Prenatal teledentistry: because oral-systemic health links begin in the womb
Today’s emphasis on wellness extends throughout our lifespan. Recent research indicates that oral health is vital to overall health and wellness. This is especially important when it comes to prenatal care.
For example, pregnant women with undiagnosed and untreated periodontal disease are more likely to have preterm and low birth weight babies, leading to several other complications and conditions, such as delayed development and lags in growth.
The effects of the mother’s oral health on her unborn and growing child
Data about the connection between a mother’s oral health on her unborn child continues to emerge, with more recent meta-analyses affirming adverse birth outcomes for both mother and child when there is untreated gum disease. Preeclampsia, preterm delivery, and low birth weight are among the most severe outcomes. To put it simply, the poor health of a mother's oral cavity influences the mother's overall health and, therefore, her child's. Here are two examples:
Gingivitis is an inflammation of the gingiva or gums and is common among pregnant women. It can be easily prevented. Porphyromonas gingivalis, a bacteria associated with periodontal disease and other bacteria present in the subgingival plaque of pregnant women, was found to be more abundant in women with preterm birth, for example, than in women with near-term birth. More than two-thirds of pregnant women have gingivitis during pregnancy.
In addition, pregnant women may be more susceptible to caries due to hormonal changes and changes in eating habits. They can then transmit high counts of caries-causing bacteria in their mouths to the mouths of their infants. Mothers with high levels of untreated cavities are three times more likely to have children with cavities than mothers with good oral health.
Moreover, professional medical organizations recommend oral care during pregnancy; for example, The American College of Obstetrics and Gynecology recommends oral care during pregnancy to benefit both the mother and their unborn infants. This was affirmed in 2019, after its original guidance in 2011.
Also, since 2000, the American Academy of Pediatrics (AAP) guidance suggests that infants receive an oral examination by 6 months of age. Since there are not enough oral health professionals to provide care for young children, pediatricians and pediatric nurse practitioners are filling this void. So, how can we fill this gap? One word – teledentistry.
Teledentistry can link families to a dental home
Teledentistry, like telehealth, is now available to ensure that more children can easily access oral care from pediatricians and ensure connection to oral health professionals, and a dental home. With teledentistry, moms and babies can access care with a dentist, with the mom holding the baby on her lap without any downtime for transportation or additional time off from work, and without the risk of contagion of the latest COVID-19 variant. They can have face to face contact with a dental professional to meet their needs.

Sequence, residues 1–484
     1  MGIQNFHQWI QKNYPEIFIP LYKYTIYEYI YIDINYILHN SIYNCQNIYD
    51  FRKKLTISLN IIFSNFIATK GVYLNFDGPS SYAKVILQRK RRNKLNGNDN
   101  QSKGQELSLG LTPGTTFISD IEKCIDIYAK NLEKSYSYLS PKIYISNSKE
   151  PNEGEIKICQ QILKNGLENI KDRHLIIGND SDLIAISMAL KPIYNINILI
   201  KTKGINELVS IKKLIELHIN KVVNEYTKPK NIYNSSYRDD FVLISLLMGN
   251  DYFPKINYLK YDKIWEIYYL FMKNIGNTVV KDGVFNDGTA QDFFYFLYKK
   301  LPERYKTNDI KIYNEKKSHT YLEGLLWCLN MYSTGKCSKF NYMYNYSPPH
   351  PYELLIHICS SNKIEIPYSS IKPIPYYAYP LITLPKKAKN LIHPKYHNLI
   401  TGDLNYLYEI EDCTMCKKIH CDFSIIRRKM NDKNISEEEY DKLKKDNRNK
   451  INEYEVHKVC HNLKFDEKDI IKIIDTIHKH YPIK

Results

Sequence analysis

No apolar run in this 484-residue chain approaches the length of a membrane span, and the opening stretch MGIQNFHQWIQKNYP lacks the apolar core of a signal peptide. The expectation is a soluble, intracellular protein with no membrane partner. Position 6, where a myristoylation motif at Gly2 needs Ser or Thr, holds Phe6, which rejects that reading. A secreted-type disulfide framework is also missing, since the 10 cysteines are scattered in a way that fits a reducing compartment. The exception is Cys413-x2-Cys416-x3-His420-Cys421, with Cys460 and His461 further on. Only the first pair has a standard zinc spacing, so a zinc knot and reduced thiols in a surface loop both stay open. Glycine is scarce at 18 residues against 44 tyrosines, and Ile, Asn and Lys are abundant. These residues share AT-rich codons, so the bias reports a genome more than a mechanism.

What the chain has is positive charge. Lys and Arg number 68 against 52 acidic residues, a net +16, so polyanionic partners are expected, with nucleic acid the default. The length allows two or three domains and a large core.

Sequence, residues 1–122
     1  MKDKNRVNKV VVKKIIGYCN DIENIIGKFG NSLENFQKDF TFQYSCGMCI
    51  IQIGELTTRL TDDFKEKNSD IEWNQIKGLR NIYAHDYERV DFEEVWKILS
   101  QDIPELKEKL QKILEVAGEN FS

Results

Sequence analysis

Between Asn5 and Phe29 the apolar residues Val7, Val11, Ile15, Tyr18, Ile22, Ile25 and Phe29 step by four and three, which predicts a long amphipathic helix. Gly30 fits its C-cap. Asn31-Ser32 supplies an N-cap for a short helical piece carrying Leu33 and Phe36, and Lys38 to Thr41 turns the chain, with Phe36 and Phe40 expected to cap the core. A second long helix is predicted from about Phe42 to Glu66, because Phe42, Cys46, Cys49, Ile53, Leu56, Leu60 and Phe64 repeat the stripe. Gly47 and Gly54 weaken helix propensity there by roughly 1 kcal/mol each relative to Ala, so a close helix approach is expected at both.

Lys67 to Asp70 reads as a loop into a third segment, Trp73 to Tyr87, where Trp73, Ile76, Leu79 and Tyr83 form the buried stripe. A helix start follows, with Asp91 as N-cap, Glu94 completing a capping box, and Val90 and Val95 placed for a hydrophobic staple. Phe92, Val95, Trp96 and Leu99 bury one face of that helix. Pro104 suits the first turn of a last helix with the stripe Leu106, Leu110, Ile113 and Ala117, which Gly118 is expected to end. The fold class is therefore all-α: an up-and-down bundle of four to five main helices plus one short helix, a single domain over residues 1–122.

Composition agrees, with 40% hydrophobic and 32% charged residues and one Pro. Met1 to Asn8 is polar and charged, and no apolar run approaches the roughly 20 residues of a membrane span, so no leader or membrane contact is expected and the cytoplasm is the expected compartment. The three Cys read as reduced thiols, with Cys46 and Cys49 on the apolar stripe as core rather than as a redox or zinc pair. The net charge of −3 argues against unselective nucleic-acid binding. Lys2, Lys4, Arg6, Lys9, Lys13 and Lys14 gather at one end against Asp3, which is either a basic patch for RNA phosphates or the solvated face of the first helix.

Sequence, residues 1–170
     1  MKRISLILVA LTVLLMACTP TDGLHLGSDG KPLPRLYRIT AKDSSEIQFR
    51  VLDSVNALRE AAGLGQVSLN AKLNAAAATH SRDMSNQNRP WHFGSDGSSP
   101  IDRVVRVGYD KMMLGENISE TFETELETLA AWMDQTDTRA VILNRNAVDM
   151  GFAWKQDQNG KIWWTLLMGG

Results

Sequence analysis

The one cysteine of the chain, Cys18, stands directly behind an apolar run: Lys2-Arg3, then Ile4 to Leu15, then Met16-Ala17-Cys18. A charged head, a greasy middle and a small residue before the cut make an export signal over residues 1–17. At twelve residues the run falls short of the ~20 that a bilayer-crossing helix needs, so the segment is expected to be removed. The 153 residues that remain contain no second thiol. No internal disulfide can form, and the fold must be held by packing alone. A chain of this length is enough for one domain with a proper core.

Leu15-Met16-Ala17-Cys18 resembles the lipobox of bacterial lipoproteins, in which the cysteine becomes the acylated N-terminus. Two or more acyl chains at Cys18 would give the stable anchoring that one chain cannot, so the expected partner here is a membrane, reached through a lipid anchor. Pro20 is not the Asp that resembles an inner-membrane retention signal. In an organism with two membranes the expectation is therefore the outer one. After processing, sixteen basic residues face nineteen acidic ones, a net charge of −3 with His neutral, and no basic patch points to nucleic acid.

The AAP recommends that providers perform oral health risk assessments at all 6, 9, and 12-month visits. These can be conducted with teledentistry or when providing routine childhood vaccinations during well-baby checks.
There is no doubt that oral health impacts the overall quality of life. A healthy mouth, free of disease, ensures the ability to swallow, smile, eat, and feel confident, and improves basic quality of life issues. Furthermore, like a healthy body, prevention of oral disease begins in prenatal care and is especially important in early pediatric well-care.
Moreover, studies found that parents are mostly unable to accurately detect oral health issues in their children because they perceive it primarily based on assumptions. Therefore, teledentistry consultations are paramount in catching and treating problems before they develop in severity.
Teledentistry links pregnant patients and newborns to pediatricians and pediatricians to oral health professionals
While some areas may lack oral health professionals to treat infants and young children, teledentistry can easily link oral health professionals and the regional pediatric practice schedule. According to a recent report, oral health should be integrated into primary care. In fact, teledentistry is the only proven technology that can bridge the prenatal and pediatric care gap.
Teledentistry visits can co-occur as the patient attends another health professional or, if necessary, be pre-recorded for later viewing. Teledentistry can also link pediatric patients to a dental home by age 1, as recommended by the AAP.
The following provides some guideposts for the standard teledentistry virtual consultation, with the mom holding a baby on her lap:
Medical history: including any history of gestational diabetes, preeclampsia, pregnancy hypertension, preterm labor, and any other issues.
Chief complaint, if any.
Oral health risk assessment.
Summary of oral health findings from observation.
Additional information: including any relevant information from OBGYN, oral professional, or another health professional.
Assessment of oral findings and any impact on function such as feeding, speech, expressions, or other difficulties.
Summary of recommended treatment and/or prevention: for example, fluoride varnish, not putting a baby to bed with formula, avoiding high-sugar drinks, and other recommendations.
Summary of treatment
Recommended next visit (time period).